A General History and Collection of Voyages and Travels — Volume 07 eBook

Robert Kerr (writer)
This eBook from the Gutenberg Project consists of approximately 785 pages of information about A General History and Collection of Voyages and Travels — Volume 07.

[Footnote 174:  Such is the manner in which the hire of these servants is expressed in Hakluyt.  Perhaps meaning 500 pence; and as the Venetian sol is about a halfpenny, this will amount to about a guinea, but it does not appear whether this is the sum for each person, or for all three.—­E.]

By these precautions we made the journey over the desert without any trouble, as, whenever the camels stopt for rest, our tent was always the first erected.  The caravan makes but small journeys of about 20 miles a-day, setting out every morning two hours before day, and stopping about two hours after noon.  We had good fortune on our journey as it rained, so that we were never in want of water; yet we always carried one camel load of water for our party for whatever might happen in the desert, so that we were in no want of any thing whatever that this country affords.  Among other things we had fresh mutton every day, as we had many shepherds along with us taking care of the sheep we had bought at Babylon, each merchant having his own marked with a distinguishing mark.  We gave each shepherd a medin, which is twopence of our money, for keeping and feeding our sheep by the way, and for killing them; besides which the shepherds got the heads, skins, and entrails of all the sheep for themselves.  We six bought 20 sheep, and 7 of them remained alive when we came to Aleppo.  While on our journey through the desert, we used to lend flesh to each other, so as never to carry any from station to station, being repaid next day by those to whom we lent the day before.

From Babylon to Aleppo is 40 days journey, of which 36 days are through the desert or wilderness, in which neither trees, houses, nor inhabitants are anywhere to be seen, being all an uniform extended plain or dreary waste, with no object whatever to relieve the eye.  On the journey, the pilots or guides go always in front, followed by the caravan in regular order.  When the guides stop, all the caravan does the same, and unloads the camels, as the guides know where wells are to be found.  I have said that the caravan takes 36 days to travel across the wilderness; besides these, for the two first days after leaving Babylon we go past inhabited villages, till such time as we cross the Euphrates; and then we have two days journey through among inhabited villages before reaching Aleppo.  Along with each caravan there is a captain, who dispenses justice to all men, and every night there is a guard appointed to keep watch for the security of the whole.  From Aleppo we went to Tripoli, in Syria, where M. Florinasca, M. Andrea Polo, and I, with a friar in company, hired a bark to carry us towards Jerusalem.  We accordingly sailed from Tripoli to Jaffa, from which place we travelled in a day and a half to Jerusalem, leaving orders that the bark should wait for our return.  We remained 14 days at Jerusalem visiting the holy places, whence we returned to Jaffa, and thence back to Tripoli, and there we embarked in a ship belonging to Venice, called the Bajazzana; and, by the aid of the divine goodness, we safely arrived in Venice on the 5th of November 1581.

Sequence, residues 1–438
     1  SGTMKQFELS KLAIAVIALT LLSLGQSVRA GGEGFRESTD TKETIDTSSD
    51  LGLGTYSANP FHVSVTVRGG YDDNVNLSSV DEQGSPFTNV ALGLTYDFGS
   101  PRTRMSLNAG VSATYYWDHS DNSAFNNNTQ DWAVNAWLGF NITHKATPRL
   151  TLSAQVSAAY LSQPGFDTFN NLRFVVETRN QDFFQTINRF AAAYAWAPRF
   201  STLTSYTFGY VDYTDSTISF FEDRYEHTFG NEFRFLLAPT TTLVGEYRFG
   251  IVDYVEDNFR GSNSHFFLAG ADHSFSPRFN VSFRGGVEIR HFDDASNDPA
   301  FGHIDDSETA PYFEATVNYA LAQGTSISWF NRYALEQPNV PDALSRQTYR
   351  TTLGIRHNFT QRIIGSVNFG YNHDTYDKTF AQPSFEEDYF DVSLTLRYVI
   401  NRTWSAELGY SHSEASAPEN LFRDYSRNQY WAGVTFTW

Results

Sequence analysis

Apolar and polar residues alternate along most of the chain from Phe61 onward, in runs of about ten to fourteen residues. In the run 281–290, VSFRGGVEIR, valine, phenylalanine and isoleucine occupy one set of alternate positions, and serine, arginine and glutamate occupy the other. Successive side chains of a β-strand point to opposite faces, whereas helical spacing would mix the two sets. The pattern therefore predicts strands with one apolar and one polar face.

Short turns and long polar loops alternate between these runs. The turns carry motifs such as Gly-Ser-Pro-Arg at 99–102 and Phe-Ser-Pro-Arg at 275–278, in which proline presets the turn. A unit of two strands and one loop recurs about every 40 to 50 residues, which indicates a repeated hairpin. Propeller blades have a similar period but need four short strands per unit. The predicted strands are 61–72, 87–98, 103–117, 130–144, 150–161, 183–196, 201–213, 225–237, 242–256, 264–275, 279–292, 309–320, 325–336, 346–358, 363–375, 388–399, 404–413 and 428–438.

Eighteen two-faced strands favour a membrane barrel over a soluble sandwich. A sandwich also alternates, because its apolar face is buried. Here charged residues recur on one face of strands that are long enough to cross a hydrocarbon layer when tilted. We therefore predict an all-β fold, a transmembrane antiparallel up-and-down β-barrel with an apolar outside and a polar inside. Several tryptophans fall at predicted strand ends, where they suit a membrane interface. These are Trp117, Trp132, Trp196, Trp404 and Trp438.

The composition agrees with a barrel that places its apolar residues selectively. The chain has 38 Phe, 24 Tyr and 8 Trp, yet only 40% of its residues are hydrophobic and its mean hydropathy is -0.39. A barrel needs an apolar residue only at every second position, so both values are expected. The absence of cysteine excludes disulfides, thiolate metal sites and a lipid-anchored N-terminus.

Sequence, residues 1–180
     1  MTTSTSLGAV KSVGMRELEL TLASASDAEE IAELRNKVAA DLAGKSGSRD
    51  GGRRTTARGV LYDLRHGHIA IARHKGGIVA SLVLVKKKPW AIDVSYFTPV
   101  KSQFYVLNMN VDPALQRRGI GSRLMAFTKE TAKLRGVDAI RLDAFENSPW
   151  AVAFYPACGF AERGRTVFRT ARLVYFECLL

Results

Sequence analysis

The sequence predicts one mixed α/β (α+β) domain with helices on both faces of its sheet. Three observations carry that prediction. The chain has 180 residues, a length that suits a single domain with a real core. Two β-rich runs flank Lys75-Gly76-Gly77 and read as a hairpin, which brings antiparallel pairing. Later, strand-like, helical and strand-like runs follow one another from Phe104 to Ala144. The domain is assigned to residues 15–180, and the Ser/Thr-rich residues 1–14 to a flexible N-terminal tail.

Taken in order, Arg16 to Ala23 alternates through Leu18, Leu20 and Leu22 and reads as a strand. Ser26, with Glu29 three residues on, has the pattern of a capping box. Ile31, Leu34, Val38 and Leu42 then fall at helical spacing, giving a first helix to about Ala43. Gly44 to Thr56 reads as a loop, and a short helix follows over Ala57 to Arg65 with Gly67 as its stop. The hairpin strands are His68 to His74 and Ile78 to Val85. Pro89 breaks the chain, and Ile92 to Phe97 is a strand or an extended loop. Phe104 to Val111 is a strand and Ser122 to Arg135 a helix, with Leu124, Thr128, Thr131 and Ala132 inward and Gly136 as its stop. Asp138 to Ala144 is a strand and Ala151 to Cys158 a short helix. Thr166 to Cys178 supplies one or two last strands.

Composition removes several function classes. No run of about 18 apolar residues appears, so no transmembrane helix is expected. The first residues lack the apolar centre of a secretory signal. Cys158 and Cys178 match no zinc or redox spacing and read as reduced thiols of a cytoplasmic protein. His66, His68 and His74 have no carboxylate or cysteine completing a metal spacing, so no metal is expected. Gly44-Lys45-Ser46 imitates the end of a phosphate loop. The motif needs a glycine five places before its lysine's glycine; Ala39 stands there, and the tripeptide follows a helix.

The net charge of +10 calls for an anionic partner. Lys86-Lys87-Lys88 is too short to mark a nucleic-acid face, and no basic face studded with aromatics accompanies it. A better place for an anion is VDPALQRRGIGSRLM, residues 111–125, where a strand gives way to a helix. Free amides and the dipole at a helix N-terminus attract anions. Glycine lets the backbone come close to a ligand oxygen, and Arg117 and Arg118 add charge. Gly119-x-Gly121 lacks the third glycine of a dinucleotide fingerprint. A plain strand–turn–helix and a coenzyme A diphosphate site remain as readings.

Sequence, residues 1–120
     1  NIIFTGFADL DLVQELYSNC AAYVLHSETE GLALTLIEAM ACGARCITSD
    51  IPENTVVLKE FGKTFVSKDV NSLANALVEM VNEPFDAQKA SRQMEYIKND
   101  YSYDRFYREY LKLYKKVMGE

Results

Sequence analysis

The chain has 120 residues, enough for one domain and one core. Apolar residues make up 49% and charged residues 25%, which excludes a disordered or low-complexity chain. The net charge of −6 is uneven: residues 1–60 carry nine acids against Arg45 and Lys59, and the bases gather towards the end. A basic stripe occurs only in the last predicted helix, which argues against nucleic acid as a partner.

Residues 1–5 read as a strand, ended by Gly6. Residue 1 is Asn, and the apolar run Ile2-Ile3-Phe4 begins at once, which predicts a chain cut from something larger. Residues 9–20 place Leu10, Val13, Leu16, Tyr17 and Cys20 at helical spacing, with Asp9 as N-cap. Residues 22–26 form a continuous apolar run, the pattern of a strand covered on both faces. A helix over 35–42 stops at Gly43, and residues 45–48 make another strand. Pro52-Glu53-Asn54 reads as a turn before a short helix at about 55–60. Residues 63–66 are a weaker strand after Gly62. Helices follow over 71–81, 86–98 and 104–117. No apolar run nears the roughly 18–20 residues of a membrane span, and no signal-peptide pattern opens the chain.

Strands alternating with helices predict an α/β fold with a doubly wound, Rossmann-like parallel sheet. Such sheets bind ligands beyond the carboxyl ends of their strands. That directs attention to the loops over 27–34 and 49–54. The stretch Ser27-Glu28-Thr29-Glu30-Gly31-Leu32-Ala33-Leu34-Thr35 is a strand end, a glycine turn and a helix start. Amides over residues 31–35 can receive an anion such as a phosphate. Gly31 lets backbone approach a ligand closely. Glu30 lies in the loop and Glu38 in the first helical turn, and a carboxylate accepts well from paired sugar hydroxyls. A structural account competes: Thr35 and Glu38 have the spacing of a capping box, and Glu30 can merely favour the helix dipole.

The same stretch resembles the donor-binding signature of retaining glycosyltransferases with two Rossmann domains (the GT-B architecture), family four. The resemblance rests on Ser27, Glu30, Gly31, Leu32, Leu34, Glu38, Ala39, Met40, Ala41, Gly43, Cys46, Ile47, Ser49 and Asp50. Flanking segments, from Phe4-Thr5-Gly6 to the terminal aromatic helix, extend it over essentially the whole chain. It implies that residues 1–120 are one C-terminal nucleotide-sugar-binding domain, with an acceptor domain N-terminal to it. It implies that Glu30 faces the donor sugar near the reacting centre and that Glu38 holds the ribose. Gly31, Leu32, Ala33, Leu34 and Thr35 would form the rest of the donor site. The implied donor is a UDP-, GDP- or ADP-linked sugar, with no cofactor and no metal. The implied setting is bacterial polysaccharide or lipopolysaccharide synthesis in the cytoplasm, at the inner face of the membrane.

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A General History and Collection of Voyages and Travels — Volume 07 from Project Gutenberg. Public domain.
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